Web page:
The number of nights and experiences booked on its platform were down by 72% in April. But they recovered later in the year and were only about 20% down in July, August and September.

Its recovery helped Airbnb post a surprise profit in the third quarter.

The company appears to have benefited from a trend revealed in figures from hospitality data firm STR, which showed short-term rental occupancy in some locations was much higher than occupancy for hotels in October.

Airbnb has said it thinks the shift to working from home will see more businesspeople book holiday rentals.

“We believe that the lines between travel and living are blurring, and the global pandemic has accelerated the ability to live anywhere,” the company said in a recent financial filing.

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Barclays weigh £3bn float of online retailer Very Group | Business News

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Sir David Barclay (l) and his twin brother Sir Frederick after receiving their knighthoods at Buckingham Palace in 2000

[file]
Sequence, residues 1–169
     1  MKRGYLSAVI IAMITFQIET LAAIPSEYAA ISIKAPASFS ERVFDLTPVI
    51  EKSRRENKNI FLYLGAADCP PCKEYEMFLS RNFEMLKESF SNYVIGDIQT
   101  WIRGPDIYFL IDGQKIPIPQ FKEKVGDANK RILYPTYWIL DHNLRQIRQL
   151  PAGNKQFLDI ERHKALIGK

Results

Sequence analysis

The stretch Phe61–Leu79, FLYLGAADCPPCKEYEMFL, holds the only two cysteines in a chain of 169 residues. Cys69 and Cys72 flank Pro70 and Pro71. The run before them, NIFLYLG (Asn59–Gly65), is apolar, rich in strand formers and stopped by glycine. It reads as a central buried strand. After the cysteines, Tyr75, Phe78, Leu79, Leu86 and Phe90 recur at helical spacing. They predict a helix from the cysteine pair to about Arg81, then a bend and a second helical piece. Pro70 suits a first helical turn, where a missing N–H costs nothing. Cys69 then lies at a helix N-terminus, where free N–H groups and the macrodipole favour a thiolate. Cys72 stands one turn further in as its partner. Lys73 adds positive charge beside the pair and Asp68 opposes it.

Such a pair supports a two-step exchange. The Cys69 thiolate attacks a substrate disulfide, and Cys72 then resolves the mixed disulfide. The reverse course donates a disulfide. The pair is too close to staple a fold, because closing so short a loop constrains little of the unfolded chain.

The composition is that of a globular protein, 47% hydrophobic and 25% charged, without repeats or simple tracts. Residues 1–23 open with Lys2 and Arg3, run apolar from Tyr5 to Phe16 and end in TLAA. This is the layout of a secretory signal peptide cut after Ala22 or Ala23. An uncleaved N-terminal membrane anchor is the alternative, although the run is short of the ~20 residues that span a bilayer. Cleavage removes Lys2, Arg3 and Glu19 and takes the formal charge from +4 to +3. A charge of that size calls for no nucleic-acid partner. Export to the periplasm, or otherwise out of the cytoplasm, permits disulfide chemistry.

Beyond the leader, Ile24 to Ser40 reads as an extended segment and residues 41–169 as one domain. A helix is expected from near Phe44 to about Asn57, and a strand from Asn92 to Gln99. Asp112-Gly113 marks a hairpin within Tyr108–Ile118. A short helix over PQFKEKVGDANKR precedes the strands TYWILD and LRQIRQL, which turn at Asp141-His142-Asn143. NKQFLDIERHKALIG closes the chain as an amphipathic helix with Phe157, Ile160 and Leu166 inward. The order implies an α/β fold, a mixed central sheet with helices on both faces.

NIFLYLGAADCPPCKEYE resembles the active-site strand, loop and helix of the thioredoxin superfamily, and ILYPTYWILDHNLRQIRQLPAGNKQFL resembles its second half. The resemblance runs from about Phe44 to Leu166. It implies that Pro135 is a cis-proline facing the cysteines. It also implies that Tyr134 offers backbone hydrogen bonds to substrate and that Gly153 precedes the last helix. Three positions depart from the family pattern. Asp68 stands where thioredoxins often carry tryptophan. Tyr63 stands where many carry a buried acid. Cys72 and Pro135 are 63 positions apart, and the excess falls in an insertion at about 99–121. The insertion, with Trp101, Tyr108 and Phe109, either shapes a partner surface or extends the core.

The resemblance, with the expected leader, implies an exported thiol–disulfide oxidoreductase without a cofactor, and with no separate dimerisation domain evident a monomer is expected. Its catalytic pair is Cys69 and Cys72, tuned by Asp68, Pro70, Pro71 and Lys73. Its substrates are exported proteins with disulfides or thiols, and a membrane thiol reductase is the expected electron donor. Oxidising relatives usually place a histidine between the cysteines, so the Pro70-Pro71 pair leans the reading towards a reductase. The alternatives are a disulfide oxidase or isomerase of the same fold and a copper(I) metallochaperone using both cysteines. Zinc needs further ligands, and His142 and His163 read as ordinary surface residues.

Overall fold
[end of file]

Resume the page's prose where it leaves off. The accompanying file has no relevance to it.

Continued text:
The proprietors of The Daily Telegraph have begun exploring plans for a £3bn-plus flotation of Very Group, their booming online retail operation.

Sky News has learnt that the Barclay family is at the early stages of examining whether to take Very to the public markets in order to capitalise on exploding investor interest in digitally led retailers.

Insiders said that the family had started evaluating such a move prior to the unexpected death this week of Sir David Barclay, who with his twin brother Sir Frederick had built one of Britain’s biggest private business empires.

A decision about an initial public offering (IPO) of Very Group is not thought to be imminent, but sources close to the family acknowledged that it was under more serious contemplation than at any previous point.

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The family had started evaluating the move before the unexpected death of Sir David Barclay (l), seen here with his twin brother, Sir Frederick